Category : HD Utilities
Archive   : FINDT121.ZIP

Output of file : DRIVETYP.TXT contained in archive : FINDT121.ZIP

Technical Support Bulletin Board
(408)438-8771 [300-9600 HST, MNP 3/5, N-8-1]

About Choosing a Drive Type in an AT

The drive types for SCSI, RLL, and ESDI interface drives are
generally easy to determine, especially the SCSI drives.


Almost all SCSI drives use DRIVE TYPE 0 or NONE, as the host adapter
bios and the drive communicate together to establish the drive
geometry. The low-level formatting routines are accessed on the
host adapter through DEBUG. After the low-level format, follow the
instructions for your DOS version for partitioning and system
format. Note: SCSI drives from the Seagate Wren and Swift families
are already low-level formatted at the factory.


RLL and ESDI drives are usually not represented at all in the
internal drive tables and consequently the controllers for these
drives have onboard a ROM BIOS which either contains its own
internal list of choices for the interface or else provides the
ability to dynamically configure (define) the controller to the
specific geometry of the drive. In the case of the ESDI interface,
the controller gets parameters directly from the drive with a mode
sense equivalent command. Unlike the SCSI, the CMOS drive type
should start at 0 or NONE at the start of the installation (low
level format through DEBUG - consult your controller manual for
instructions), but it may be reset to DRIVE TYPE 1 by the controller

Many of the older AT's only provided 14 (MFM only) or so drive types
to choose from in the CMOS. The middle-aged AT's usually have up to
46 (still usually only MFM) types. Some newer AT's have drive types
which begin to include direct support for the popular RLL and ESDI
drives. If you have this newer kind of CMOS then by all means pick
the one that matches the drive and DISABLE the controller Bios.
(Note: This may also disable the controller's caching feature).
Likewise, most new machines have a "User Definable" or "Custom"
drive type that can be created and saved in the CMOS, thus providing
a standard drive type. "User Definable" drive types will usually
not work with most non-MS/PC-DOS applications.

A special note on ESDI and other drives that have more than 1024
cylinders. Since DOS cannot access cylinders above this 1024 limit,
a translation scheme may be elected in the controller's bios. As
the number of Logical Block Address (LBAs) is defined as
CYLINDERS*HEADS*SECTORS PER TRACK, translations that equal the same
number of LBAs with the cylinder count below the 1024 limit will be
devised. The controller bios will need to be ENABLED in order to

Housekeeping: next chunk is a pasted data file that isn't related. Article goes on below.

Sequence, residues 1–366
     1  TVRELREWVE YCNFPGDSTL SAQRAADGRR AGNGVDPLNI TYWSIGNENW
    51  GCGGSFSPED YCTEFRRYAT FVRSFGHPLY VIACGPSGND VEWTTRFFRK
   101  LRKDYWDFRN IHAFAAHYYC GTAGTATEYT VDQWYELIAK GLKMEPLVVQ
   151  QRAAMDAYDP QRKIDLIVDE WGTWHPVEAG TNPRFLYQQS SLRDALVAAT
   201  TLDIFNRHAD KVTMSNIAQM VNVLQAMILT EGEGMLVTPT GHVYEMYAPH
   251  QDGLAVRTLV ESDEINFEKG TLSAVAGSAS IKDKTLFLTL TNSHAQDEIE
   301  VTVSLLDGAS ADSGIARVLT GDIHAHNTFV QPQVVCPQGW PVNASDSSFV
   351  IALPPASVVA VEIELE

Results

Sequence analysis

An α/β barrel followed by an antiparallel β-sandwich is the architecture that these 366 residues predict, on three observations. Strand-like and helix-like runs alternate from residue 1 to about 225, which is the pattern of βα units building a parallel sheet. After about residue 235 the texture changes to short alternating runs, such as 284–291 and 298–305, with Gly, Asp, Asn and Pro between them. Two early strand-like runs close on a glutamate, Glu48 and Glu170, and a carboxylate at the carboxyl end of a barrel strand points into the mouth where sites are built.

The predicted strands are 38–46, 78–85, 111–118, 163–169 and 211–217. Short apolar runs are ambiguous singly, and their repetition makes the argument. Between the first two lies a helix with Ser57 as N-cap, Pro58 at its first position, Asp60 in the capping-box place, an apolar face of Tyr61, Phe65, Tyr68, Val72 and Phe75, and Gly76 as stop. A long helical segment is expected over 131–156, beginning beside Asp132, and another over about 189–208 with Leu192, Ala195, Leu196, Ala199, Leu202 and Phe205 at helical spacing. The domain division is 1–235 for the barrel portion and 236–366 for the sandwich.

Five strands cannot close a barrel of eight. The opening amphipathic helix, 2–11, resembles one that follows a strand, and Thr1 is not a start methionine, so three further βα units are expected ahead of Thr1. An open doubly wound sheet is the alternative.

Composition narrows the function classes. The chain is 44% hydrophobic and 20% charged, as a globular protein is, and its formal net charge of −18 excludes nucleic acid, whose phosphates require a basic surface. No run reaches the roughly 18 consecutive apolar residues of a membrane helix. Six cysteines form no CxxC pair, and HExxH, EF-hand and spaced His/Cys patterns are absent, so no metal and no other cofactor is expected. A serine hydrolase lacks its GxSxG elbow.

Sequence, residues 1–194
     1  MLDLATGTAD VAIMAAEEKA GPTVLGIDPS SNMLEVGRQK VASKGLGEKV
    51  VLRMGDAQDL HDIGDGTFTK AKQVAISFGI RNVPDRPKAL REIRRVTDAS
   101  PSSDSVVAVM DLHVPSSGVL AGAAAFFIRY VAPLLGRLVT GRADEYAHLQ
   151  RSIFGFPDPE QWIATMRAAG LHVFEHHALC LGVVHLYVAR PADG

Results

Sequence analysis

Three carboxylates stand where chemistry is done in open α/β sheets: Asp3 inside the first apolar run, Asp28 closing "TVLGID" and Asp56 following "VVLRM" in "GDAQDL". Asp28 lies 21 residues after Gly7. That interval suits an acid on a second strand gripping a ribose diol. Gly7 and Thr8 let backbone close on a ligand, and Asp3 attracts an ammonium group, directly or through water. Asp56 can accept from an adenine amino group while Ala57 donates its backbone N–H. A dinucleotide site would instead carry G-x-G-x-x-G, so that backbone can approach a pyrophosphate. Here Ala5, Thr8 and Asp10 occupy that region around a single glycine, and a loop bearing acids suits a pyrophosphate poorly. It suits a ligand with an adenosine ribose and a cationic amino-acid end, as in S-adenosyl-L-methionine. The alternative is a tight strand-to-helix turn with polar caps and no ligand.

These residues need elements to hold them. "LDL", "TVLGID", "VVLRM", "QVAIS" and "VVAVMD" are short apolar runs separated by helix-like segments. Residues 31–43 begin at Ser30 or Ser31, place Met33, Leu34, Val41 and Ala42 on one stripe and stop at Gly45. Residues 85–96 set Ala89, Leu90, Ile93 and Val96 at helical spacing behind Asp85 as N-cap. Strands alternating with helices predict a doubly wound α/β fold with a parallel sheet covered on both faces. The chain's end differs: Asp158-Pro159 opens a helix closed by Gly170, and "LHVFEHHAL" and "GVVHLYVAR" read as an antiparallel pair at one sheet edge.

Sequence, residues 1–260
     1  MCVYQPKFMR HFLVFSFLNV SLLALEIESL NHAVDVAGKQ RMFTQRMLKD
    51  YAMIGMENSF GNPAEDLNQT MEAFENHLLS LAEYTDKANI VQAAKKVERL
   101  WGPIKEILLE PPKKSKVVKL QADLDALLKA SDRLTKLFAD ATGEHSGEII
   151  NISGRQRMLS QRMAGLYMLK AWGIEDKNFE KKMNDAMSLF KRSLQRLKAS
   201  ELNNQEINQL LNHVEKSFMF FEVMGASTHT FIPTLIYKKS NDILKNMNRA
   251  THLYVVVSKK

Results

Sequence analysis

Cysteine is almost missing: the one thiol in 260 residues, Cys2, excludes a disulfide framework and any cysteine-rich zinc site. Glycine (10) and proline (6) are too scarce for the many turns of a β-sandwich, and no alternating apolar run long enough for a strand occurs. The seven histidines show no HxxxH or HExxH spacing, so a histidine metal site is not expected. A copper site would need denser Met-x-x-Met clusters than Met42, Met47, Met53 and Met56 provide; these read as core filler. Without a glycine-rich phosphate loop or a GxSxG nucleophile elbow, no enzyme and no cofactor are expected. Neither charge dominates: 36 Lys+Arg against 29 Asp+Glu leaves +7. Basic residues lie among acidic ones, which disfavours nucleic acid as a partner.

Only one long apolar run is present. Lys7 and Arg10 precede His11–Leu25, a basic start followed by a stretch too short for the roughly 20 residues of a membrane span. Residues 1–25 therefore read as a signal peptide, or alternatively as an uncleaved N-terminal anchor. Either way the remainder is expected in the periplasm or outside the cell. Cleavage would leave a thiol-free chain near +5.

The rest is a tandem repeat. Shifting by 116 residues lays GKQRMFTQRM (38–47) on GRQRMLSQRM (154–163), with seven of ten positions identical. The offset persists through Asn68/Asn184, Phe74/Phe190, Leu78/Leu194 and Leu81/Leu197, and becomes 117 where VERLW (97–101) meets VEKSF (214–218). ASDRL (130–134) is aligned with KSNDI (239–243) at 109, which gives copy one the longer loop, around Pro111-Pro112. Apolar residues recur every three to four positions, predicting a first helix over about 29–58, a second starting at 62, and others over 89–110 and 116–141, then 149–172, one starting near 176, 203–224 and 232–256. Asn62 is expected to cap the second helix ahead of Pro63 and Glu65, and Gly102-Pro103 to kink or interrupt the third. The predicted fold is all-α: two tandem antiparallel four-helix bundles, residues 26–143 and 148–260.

utilize translations schemes. (e.g. Many popular controllers
increase the number of sectors and/or heads and decrease the # of
cylinders to achieve an equivalent number of LBAs. See your
controller manual for details.) After low-level formatting, follow
the instructions for your DOS version for partitioning and system


This idea of translation schemes bring us to the AT or IDE (Imbedded
Drive Electronics) interface. These drives are intelligent in that
they can use the geometry that represents their true physical
parameters or else they can "mimic" other drive geometries (or
translations) that equal or are very close to, but NOT exceeding,
the same number of logical blocks. Note: Translate LBAs <= Native

Many AT/IDE drives have physical cylinder counts that are greater
than 1024. Therefore, for DOS users, it is necessary to utilize the
translate feature by using a geometry that keeps the cylinder count
below 1024.

In order of preference, choose the first that fits your system:

1. Does the CMOS have a drive type that matches your drive?

2. Does the CMOS have a drive type that has the same number of
formatted megabytes?

3. Does the CMOS have a "custom" or "user definable" drive type
option you can use? If so, use a translation geometry to keep the
cylinder count below the DOS 1024 limit.

4. Do you have the Disk Manager program to provide a software
driven solution? The Disk Manager will run automatically to perform
the partitioning and system format.

5. Pick the drive type that comes closest to, but not
exceeding, the formatted capacity of your drive. The final
formatted capacity of the drive will be equal to the drive type

*** Warning! ALL AT drives from Seagate are already low-level
formatted at the factory.

MFM (ST412 interface)

Finally, the MFM drives and their associated drive types are next.
If the internal drive type table lists the exact geometry, great. If
not, then check to see if a "Custom" or "User Definable" CMOS option
is available. Also, some AT 16-bit MFM controllers provide an
onboard BIOS which will allow the unique geometry of the drive to be
dynamically configured (our Seagate ST21M/22M MFM controllers have
this VALUABLE feature). Otherwise, a drive type match that is close
but not exceeding either the cylinder or head values is the only
choice left. An exact match in the head count is definitely
preferred when getting a "close" match.

When there is no direct match in the internal drive type tables, a
partitioning program may be needed to provide a software driven
translation solution in order to achieve full capacity. Keep in
mind that the drive will only format out to the capacity of the
chosen drive type when not using partitioning software. In the
event that the ST412 Interface drive has more than 1024 cylinders, a
partitioning program will be needed in order to achieve full

*** End-of-File DRIVETYP.TXT ***